S I B E R I A   M A P P I N G

Exhibition. L.Frolova, compiler.

Siberia is a part of Asian territory of Russia. Before 1917 all territories extending from the Ural Mountains to the Pacific were called as Siberia in official documents and scientific literature. Siberian territory was divided into two regions (Siberian Krai and Far Eastern Krai) after establishing Soviet power in Siberia. Since that time the term “Siberia” has two meanings. In one case it means all territory eastwards the Ural Mountains, in another case it means the territory only of western and eastern Siberia without Far East. Siberia (with Far East) occupies 12 765 900 sq.km.
   Novgorod dwellers knew northern part of western Siberia as the Yugor land as far back as the 11th century. In the 13th century Yugra was referred among volosts subordinated to Novgorod. In 1558, Moscow government sanctioned the foundation of Stroganovs’ Permic patrimony and this action promoted the development of Siberia by the Russians. The ataman Yermak campaign of 1581 (according to some data of 1579) opened the way to Irtysh valley to the Russians, and the defeat of khan Kuchum in 1598 meant the end of the Siberian khanate.
   From the beginning of the 17th century the Russians entered the basin of the middle reaches of the Yenisei. Founded in 1661, Irkutsk stockaded town became the centre of the vast region governed by a voevode which comprised Cis-Baikal and Trans-Baikal lands.
   At the beginning of the 18th century Russian possession in the North and East of Siberia reached natural borderlands (with small exceptions): the frontier on the South followed the boundary between forests and steppes, the foothill of Altai and Sayan Mountains, Yablonovy and Stanovoi Ranges.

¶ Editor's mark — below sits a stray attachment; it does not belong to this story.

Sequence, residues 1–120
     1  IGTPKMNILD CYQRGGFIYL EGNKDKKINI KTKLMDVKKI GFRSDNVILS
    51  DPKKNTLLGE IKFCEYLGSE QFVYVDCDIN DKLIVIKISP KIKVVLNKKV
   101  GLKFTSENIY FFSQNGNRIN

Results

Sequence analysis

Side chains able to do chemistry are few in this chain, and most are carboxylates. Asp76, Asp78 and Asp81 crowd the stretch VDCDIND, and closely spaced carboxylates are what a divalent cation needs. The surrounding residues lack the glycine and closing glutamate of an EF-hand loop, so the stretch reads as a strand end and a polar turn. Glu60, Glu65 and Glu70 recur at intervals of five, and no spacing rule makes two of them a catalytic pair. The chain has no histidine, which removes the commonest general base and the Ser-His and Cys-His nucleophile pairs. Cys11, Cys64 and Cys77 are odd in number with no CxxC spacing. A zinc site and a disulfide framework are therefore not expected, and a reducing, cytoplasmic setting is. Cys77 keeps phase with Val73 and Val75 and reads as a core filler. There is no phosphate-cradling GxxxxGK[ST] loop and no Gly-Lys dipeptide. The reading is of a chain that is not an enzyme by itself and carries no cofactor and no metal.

The development of such vast territory set the grand geographical tasks the solution of which belongs to the Russian science. The most important discoveries in this part of the Earth have been recorded on maps in the period of one hundred years (from the middle of the 17th century, after the campaign of Semen Dezhnev, to the middle of the 18th century, when the Great Siberian-Pacific expedition has finished). The Northern and Eastern boarders of Asian continent were defined and mapped, the correlation between Asian continent and North America was established, the sea routes from Okhotsk to Kamchatka and from Kamchatka to Japan were laid during that century. The astronomical determination of a number of points in Siberia (considering Siberia and Far East) were made, “Baikal Sea” and the most important Siberian rivers were mapped. Apparently, Russian geographical discoveries and investigations of Siberia and Far East in the 17th and 18th centuries made a significant contribution in the world science.



© The National Library of Russia, 1999